Brian  AKA  Bri the Tech Guy (website in my user profile) - Windows 10 Home, 64-Bit, Version 1803, Build 17134 

     . . . the presumption of innocence, while essential in the legal realm, does not mean the elimination of common sense outside it.  The willing suspension of disbelief has its limits, or should.

    ~ Ruth Marcus,  November 10, 2017, in Washington Post article, Bannon is right: It’s no coincidence The Post broke the Moore story


 

 

 

              

 


#5 andrew193

andrew193
  • Topic Starter

  • Members
  • 63 posts
  • OFFLINE
  •  
  • Local time:02:15 AM

Posted 05 July 2018 - 09:41 AM

Ok britechguy I'm obviously doing something wrong so will check things when I get back in from work.

#6 britechguy

britechguy

    Been there, done that, got the T-shirt


  • Moderator
  • 8,621 posts
  • ONLINE
  •  
  • Gender:Male
  • Location:Staunton, VA
  • Local time:09:15 PM

Posted 05 July 2018 - 12:25 PM

 

 

Ok britechguy I'm obviously doing something wrong so will check things when I get back in from work.

 

 

 

If you're still having issues make sure that the screen on the Android device is turned on at the time of connection and report back on any message that pops up there or on your computer when the connection is made.

 

Otherwise, your device should appear in Windows Explorer/File Explorer (presuming a Windows machine of some vintage is on "the other side") and, beneath it, two folders, at least if you have a microSD card inserted in the device, one for the card and the other for the phone's internal memory.  Both should be readable, and the SD card writable if one so chooses, if a USB connection for file transfer has been established.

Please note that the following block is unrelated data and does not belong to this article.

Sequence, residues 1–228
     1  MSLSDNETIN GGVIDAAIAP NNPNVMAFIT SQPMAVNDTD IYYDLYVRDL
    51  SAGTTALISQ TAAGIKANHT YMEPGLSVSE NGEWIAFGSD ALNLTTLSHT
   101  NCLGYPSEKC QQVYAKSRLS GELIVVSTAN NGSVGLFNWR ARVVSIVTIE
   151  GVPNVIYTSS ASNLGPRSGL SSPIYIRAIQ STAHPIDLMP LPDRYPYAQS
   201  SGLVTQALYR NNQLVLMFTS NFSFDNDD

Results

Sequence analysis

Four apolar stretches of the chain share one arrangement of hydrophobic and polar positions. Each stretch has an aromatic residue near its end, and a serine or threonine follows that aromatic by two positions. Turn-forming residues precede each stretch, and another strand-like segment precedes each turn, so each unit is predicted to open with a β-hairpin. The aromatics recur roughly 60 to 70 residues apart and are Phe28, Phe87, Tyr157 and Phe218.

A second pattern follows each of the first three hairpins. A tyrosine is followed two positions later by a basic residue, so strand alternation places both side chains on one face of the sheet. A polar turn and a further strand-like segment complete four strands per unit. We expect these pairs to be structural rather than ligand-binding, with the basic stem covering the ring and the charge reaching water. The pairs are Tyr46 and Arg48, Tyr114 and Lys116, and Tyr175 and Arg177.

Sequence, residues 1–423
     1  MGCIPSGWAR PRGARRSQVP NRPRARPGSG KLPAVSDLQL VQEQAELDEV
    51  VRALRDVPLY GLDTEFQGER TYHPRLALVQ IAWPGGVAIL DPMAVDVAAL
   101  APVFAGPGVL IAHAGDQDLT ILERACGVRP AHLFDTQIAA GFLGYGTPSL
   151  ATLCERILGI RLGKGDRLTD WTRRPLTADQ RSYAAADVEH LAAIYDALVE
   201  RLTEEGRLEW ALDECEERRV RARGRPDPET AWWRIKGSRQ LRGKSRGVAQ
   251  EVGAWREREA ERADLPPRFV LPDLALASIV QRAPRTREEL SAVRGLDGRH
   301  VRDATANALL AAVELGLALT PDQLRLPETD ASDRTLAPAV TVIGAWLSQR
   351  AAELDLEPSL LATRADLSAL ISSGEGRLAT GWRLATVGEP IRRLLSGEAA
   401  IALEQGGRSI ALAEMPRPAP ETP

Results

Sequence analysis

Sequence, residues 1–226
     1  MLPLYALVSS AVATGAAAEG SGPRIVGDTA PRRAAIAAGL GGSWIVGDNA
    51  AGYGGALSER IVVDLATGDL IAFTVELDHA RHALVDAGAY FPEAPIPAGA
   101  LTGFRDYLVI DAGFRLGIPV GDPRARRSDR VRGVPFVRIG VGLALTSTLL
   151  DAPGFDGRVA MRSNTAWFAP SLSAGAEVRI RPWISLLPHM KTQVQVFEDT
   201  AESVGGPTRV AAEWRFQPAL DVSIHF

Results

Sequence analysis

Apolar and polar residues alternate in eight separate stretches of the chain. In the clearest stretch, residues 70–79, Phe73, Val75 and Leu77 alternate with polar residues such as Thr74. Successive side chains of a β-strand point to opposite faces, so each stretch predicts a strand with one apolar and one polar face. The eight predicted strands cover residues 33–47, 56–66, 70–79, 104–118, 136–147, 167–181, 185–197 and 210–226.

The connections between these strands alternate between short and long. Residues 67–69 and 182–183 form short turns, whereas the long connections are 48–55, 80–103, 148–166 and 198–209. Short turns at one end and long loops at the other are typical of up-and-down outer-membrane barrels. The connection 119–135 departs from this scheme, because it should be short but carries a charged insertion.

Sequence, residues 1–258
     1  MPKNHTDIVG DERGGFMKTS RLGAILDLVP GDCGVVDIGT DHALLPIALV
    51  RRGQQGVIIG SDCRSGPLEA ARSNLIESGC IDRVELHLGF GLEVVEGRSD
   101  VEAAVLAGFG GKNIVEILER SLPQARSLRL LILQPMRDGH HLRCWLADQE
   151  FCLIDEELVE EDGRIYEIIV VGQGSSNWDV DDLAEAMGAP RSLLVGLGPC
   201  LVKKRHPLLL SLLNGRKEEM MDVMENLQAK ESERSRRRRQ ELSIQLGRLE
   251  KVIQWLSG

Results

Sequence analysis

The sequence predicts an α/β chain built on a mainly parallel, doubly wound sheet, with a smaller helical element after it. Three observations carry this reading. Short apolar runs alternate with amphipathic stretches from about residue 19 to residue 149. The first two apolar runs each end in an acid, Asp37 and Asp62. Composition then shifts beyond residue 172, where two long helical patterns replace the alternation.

Brian  AKA  Bri the Tech Guy (website in my user profile) - Windows 10 Home, 64-Bit, Version 1803, Build 17134 

     . . . the presumption of innocence, while essential in the legal realm, does not mean the elimination of common sense outside it.  The willing suspension of disbelief has its limits, or should.

    ~ Ruth Marcus,  November 10, 2017, in Washington Post article, Bannon is right: It’s no coincidence The Post broke the Moore story


 

 

 

              

 


#7 andrew193

andrew193
  • Topic Starter

  • Members
  • 63 posts
  • OFFLINE
  •  
  • Local time:02:15 AM

Posted 06 July 2018 - 02:19 AM

Right I checked that USB Tethering was operation and that's ok but still couldn't get into the files for some reason.

I have discovered that by installing "OneDrive for Android" on both my phone and Laptop that has solved the problem. It scanned my phone and successfully transferred all my pictures and apparently will automatically do so in the future so a win win all round.

 

Thanks anyway for your help.

 

Andrew



#8 britechguy

britechguy

    Been there, done that, got the T-shirt


  • Moderator
  • 8,621 posts
  • ONLINE
  •  
  • Gender:Male
  • Location:Staunton, VA
  • Local time:09:15 PM

Posted 06 July 2018 - 08:28 AM

Well, if you were using USB tethering that would be a problem right there.  USB tethering is a method of using your phone as a mobile access point, but not a WiFi hotspot, but connecting via USB instead.

 

The USB connection for data transfer is not handled through the USB tethering option.

 

I am, however, glad that you have this resolved using cloud storage as your relay.


Brian  AKA  Bri the Tech Guy (website in my user profile) - Windows 10 Home, 64-Bit, Version 1803, Build 17134 

     . . . the presumption of innocence, while essential in the legal realm, does not mean the elimination of common sense outside it.  The willing suspension of disbelief has its limits, or should.

    ~ Ruth Marcus,  November 10, 2017, in Washington Post article, Bannon is right: It’s no coincidence The Post broke the Moore story


 

 

 

              

 





0 user(s) are reading this topic

0 members, 0 guests, 0 anonymous users